Will Jews Ever Normalize “Non-Jews” [a Term We Don’t Like to Use] and Marrying Them
I had a very interesting day yesterday.
It started with a phone interview with a graduate student in journalism writing a story about Jewish-Muslim relationships. She had a Jewish parent and a Muslim parent herself, and was involved with a group of young Jewish-Muslim couples. She told me that some of them had decided to raise their children with Judaism and some hadn’t decided. I told her that at InterfaithFamily we are always interested in what influences some interfaith couples to get involved in Jewish life or not.
She said she thought that Jews were “exclusivist” and told me that one couple in the group approached a rabbi, I think she said about conversion, and the rabbi made a comment about Arabs and breeding that was so derogatory I don’t want to repeat it here. She couldn’t see it, but my jaw dropped, it was such an insulting and ignorant comment.
But sadly I shouldn’t have been surprised. I immediately thought of a good friend in the San Francisco Bay Area, not Jewish herself but active in her Reform synagogue, who reported last year that a woman at the synagogue said in her presence “we Jews are dumbing ourselves down by intermarrying.” My friend – herself at the highest level of anyone’s intelligence scale — was so shocked at how insulting the comment was that she couldn’t immediately respond. And then I thought of a survey that a major city federation asked me to analyze a year or two ago in which one couple said that at a Reform synagogue someone who learned they were interfaith said “maybe people like you would be more comfortable” at some other synagogue. It’s hard to believe that these comments are true – yet they keep on happening.
After the phone call I went to a terrific event at the Brown-RISD Hillel co-sponsored by the Genesis Prize, Hillel International and the Jewish Agency for Israel that featured Michael Douglas and Natan Sharansky talking about their Jewish journeys. I sat next to a man who asked me what I did and then told me his story. He grew up Orthodox, had a child with his first wife, got divorced, and then married a woman who is not Jewish. His wife doesn’t intend to convert but she keeps a strictly kosher home and his grandchildren call her “bubbe.” But after he re-married his synagogue told him he couldn’t have an aliyah (recite blessings before and after the Torah is read) any longer, so he left the synagogue.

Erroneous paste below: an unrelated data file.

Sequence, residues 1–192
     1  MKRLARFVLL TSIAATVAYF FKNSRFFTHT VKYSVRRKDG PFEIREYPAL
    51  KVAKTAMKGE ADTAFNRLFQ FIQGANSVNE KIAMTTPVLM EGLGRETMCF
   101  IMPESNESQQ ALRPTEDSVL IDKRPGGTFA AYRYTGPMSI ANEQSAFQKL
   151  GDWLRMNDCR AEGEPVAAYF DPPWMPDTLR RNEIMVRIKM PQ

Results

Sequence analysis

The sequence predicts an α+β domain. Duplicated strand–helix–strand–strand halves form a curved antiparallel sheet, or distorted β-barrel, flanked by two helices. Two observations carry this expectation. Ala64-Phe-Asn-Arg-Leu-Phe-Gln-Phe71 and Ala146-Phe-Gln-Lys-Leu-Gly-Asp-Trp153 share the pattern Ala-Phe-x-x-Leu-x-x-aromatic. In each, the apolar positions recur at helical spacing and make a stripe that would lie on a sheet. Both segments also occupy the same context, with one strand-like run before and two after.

This morning the Good Morning America team was talking about new variations of the Barbie doll and one of the correspondents said that her young children “don’t see color” meaning they don’t distinguish other children based on race. I’m not sure how widespread it is that people see people of other races as “normal.” I do think that young children see different constellations of parents as “normal;” I recently asked my 5-year-old grandson if one of “Joe’s” two mothers wasn’t a police officer, and I am quite sure he doesn’t think twice about his classmates who have two mothers or two fathers.
All of this made me wonder if Jews will ever see “non-Jews” and Jews marrying “non-Jews” as “normal.” At InterfaithFamily we try very hard not to use the term “non-Jew” which is why I put it in quotes; it’s off-putting and people don’t identify as “non-“ anything. We prefer to say “partners from different faith traditions.” But we keep on hearing people say “non-Jew” and it’s very use appears to support viewing the other as not “normal” – an Arab who breeds … or “non-Jews” who aren’t smart – as well as penalizing Jews who marry them.
The last thing that happened yesterday was hearing Michael Douglas tell his story again. As he said last night, and in a great story in the Jewish Week last week, Michael Douglas was told his whole life that he wasn’t Jewish because his mother wasn’t Jewish. When the people from the Genesis Prize came to him and said they wanted to award him the Genesis Prize as an outstanding Jew, he said “this is a mistake, I’m not Jewish.” But his son has gotten the family interested, and became bar mitzvah, and they traveled to Israel, and the Genesis Prize people very wisely recognized the importance of making a statement that the Jewish community needs to recognize and welcome people who are the children of intermarriage or are intermarried themselves but engaging in Jewish life.
Dare I say that the Genesis Prize being awarded to Michael Douglas is a statement that Jews need to not only recognize and welcome, but normalize intermarriage, the children of intermarriage, Jews who intermarry and most important, the partners from different faith traditions married to Jews? It was a ray of hope to end a very interesting day.